(Adds House decision not to call an override vote)
CHICAGO Dec 1 Illinois Governor Bruce Rauner
vetoed on Thursday a bill to give the Chicago Public Schools
(CPS) a one-time $215 million state payment to help cover the
financially ailing district's escalating pension costs.
While the veto was quickly overridden in the Senate, the
House adjourned until Jan. 9 without attempting a vote. A
spokesman for House Speaker Michael Madigan, a Chicago Democrat,
said it was unlikely the 71-vote threshold required for an
override would be reached, leaving the veto in place.
Rauner, a Republican, said Democrats reneged on a June deal
that tied the bill's enactment to the legislature's passage of
comprehensive pension reform, which did not gain any traction in
the fall legislative session that ended on Thursday.
CPS, the nation's third-largest public school system,
included the money in its $5.46 billion fiscal 2017 operating
CPS is struggling with pension payments that will jump to
about $720 million this fiscal year from $676 million in fiscal
2016, as well as drained reserves and debt dependency.
Chicago Mayor Rahm Emanuel, who controls the school
district, condemned the governor's move.
"This action is both reckless and irresponsible, and make no
mistake, it's our children who will pay the price," Emanuel said
in a statement.
Democratic Senate President John Cullerton earlier on
Thursday told reporters there was no definitive contingency tied
to the bill's enactment. Ahead of the Senate's override vote, he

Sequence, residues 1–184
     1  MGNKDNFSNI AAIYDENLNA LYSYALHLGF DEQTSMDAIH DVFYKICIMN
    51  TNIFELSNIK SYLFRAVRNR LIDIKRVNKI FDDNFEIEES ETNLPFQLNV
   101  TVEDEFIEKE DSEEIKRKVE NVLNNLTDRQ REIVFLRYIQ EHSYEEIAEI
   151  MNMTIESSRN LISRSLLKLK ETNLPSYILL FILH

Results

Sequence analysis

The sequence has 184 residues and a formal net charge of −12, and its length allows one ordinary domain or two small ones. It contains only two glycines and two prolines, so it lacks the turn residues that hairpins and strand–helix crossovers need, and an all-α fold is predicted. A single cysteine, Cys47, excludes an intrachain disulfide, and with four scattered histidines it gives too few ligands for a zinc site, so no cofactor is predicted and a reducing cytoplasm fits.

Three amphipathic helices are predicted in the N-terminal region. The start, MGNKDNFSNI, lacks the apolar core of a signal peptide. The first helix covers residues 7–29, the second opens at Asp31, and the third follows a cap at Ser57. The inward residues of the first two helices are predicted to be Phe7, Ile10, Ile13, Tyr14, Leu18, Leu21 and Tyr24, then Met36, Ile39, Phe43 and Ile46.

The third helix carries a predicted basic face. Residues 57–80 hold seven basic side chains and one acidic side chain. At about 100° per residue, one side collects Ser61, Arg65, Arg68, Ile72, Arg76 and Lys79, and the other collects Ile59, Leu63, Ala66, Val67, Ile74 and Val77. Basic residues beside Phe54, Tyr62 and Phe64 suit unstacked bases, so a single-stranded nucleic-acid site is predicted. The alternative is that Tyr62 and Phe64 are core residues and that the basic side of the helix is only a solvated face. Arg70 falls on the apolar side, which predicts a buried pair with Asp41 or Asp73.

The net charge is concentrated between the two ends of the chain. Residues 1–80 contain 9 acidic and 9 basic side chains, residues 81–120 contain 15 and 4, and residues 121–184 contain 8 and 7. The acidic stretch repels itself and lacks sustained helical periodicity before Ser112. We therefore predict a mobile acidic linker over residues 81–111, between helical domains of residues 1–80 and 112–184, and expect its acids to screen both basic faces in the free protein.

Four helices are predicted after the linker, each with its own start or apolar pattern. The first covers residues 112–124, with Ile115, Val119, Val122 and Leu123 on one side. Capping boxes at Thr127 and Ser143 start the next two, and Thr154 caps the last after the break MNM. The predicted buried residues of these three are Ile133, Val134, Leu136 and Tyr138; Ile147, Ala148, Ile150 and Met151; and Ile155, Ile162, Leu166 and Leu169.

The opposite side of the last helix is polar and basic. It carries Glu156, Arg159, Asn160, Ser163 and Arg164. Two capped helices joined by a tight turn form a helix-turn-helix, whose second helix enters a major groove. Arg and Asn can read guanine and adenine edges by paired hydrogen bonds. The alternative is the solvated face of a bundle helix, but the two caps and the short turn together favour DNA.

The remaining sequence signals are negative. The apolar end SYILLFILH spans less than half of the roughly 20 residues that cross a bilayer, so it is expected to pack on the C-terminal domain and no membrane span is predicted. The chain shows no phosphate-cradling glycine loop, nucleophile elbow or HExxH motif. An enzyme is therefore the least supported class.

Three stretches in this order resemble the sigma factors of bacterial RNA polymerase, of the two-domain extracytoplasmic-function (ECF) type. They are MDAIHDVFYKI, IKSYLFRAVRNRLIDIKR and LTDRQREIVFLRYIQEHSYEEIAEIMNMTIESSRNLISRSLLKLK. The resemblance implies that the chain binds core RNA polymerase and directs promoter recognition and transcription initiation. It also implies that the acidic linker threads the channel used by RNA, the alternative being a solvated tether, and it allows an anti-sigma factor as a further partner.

said he was prepared to continue negotiating on pensions.
Illinois is limping through its second straight year without
a complete budget. It also lacks a plan to curb a huge $130
billion unfunded pension liability in the wake of an Illinois
Supreme Court ruling that found the state constitution prohibits
pension benefit cuts for public sector workers.
"Despite my repeated request for daily negotiations and hope
to reach a comprehensive agreement by the end of next week, we
are no closer to ending the (budget) impasse or enacting pension
reform," Rauner said in his veto message.
A temporary budget approved in June expires at the end of
this month. There was no legislative action on the budget, but
leaders of the House and Senate vowed to keep meeting.
Early on Thursday, Rauner in a Facebook post said he could
accept another stopgap budget only if Democrats agree to term
limits and a permanent property tax freeze.
(Reporting by Karen Pierog; Additional reporting by Renita D.
Young; Editing by Andrea Ricci and Leslie Adler)